First off, the trio, ably assisted by guitarist Magnus Henriksson and drummer Robban Bäck, are seasoned, accomplished musicians. But more than that, they have an innate understanding of what makes a great song. One album could be considered a fluke, but without even considering their primary bands’ material, ‘Earthrage’ is the third record in a row to produce top drawer material. That’s not luck. That’s skill and plenty of it.
At this juncture, I will admit that ‘Earthrage’ doesn’t have an immediate standout track, something that catches me as squarely as the aforementioned ‘Comes Down Like Rain’ or ‘Love Heals’. But somehow, as I sit here and type this review, that doesn’t seem to matter. And that’s because ‘Earthrage’ is a collection of eleven new songs that all hit the mark. And when I say all, I mean all. There isn’t a weak link, a duff track or a disappointing moment to be heard across the entire album. The whole disc from start to finish is a pure, unadulterated masterclass in how melodic hard rock should sound. Or, perhaps more accurately, it’s a masterclass of how I want melodic rock to sound.
The opening track has me salivating almost immediately. It builds with purpose and authority from humble beginnings, led by a strong rhythm and an infectious, incessant guitar riff, full of energy and forceful intent. The moment that Jeff Scott Soto sings, I get the usual chills, meaning that he is immediately on top form. The chorus is then the final piece in the puzzle, a huge hook-laden beast that begs to be sung along with. There’s even room for a swift lead guitar break and a nice momentary reduction in intensity to add variety and colour. This is a cracking way to open the record and has me chomping at the bit to explore ‘Earthrage’ further.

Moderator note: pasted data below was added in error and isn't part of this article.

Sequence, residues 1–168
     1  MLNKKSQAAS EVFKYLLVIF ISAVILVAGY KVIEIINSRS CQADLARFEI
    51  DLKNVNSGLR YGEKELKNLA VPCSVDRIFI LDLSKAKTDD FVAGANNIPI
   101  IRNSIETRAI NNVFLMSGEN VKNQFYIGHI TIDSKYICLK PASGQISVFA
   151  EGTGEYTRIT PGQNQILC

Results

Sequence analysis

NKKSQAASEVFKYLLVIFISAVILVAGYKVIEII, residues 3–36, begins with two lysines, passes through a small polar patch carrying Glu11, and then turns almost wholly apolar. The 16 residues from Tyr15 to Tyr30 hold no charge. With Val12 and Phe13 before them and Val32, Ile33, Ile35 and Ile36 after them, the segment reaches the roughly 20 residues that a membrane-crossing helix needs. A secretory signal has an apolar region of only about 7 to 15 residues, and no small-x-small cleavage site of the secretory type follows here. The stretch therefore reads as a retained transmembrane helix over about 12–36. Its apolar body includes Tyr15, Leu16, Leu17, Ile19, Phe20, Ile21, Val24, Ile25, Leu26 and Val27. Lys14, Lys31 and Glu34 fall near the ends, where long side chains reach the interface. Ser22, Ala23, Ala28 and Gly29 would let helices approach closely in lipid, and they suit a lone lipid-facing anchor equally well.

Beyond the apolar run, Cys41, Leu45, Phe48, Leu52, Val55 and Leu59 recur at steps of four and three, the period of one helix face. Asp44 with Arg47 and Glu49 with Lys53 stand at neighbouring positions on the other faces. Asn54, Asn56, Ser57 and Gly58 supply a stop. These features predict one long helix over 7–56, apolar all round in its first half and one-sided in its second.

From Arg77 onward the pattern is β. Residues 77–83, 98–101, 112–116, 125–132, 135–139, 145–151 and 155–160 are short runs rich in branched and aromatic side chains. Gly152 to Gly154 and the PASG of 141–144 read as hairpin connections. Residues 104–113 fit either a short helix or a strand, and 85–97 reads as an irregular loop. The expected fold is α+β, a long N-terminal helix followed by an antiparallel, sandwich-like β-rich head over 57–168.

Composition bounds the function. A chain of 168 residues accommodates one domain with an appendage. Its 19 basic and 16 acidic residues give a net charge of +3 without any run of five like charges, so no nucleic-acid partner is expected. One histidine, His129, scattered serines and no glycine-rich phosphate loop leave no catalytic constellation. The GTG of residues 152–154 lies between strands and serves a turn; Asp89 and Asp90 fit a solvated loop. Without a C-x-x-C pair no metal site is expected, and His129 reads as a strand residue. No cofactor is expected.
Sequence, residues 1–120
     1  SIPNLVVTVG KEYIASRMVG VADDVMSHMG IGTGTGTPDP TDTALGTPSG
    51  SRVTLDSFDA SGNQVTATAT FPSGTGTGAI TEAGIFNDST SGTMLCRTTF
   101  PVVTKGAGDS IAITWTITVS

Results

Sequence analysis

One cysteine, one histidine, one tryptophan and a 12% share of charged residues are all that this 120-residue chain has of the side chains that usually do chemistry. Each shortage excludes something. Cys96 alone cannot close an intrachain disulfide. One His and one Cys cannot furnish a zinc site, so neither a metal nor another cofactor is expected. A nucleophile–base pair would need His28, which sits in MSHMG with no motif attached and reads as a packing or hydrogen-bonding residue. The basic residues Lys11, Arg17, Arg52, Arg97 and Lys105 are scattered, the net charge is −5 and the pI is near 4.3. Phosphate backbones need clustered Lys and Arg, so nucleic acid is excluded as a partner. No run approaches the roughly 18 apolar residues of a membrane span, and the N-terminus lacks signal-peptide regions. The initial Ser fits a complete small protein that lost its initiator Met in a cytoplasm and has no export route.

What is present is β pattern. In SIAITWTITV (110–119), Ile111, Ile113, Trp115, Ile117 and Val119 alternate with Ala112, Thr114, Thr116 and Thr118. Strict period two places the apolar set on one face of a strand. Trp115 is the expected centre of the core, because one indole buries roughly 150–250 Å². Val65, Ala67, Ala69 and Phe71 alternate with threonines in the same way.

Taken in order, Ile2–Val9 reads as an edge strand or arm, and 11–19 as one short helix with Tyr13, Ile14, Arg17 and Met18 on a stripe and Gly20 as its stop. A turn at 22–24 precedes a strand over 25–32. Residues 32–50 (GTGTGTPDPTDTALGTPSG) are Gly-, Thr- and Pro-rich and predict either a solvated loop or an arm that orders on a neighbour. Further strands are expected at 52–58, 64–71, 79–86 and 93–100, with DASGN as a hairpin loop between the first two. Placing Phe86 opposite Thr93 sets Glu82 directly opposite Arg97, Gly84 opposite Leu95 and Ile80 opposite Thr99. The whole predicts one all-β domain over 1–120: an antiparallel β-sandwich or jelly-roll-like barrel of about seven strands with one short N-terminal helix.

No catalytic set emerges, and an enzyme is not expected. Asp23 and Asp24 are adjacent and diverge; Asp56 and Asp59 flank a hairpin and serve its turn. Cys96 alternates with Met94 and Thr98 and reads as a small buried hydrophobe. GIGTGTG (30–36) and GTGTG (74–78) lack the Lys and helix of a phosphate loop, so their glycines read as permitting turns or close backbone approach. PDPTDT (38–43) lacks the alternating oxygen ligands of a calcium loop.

And the great news is that, as I’ve already alluded to, there’s no let-up in quality. ‘Burn’ underlines this point fantastically, featuring another superb chorus around which is a song with real swagger and up-tempo intensity, a hard-rocking number that proves that the protagonists mean business. The acoustic-led segment that rebuilds and in the process delivers some superb drumming from Robban Bäck, leading to an expansive lead guitar break is pure aural delight and has me grinning from ear to ear.
Next up is one of my favourites on the album, maybe the favourite. It is a slow-burner but has got to the point where it is irresistible. The verses allow the keys of Säll to come to the fore courtesy of some lovely tinkling notes atop more atmospheric tones. However, it’s the chorus that somehow, rather insidiously, suddenly catches me off guard and hits hard when it does. Lyrically, it has a wistful, care-free tone, a recalling of halcyon times, which adds to its overall impact and ultimately, its considerable charm.
‘Elegantly Wasted’ is arguably the quirkiest track on the record. It’s ballad-like in its construction, almost forcing the listener to sway, whilst waving a lighter in the air. It is deliberately-placed to dial down the full-on high-octane opening, featuring more prominent orchestral-style keys as well as a country-esque acoustic guitar lead which I have grown to love over repeated spins.
The heavier guitar riffs return on the aptly-titled ‘Urgent’, and it is at this point that I realise that the production of this disc is out of the top drawer, allowing the music the clarity and robustness to pack the necessary punch. This is a driving, forceful track that is simply an utter delight. The verses are stripped back and allow the commanding chug of Mårtensson’s bass to cut through to the fore. And again, the chorus is suitably memorable, as is the all-too-short segment where it is just keys and the heavily effect-laden voice of Soto.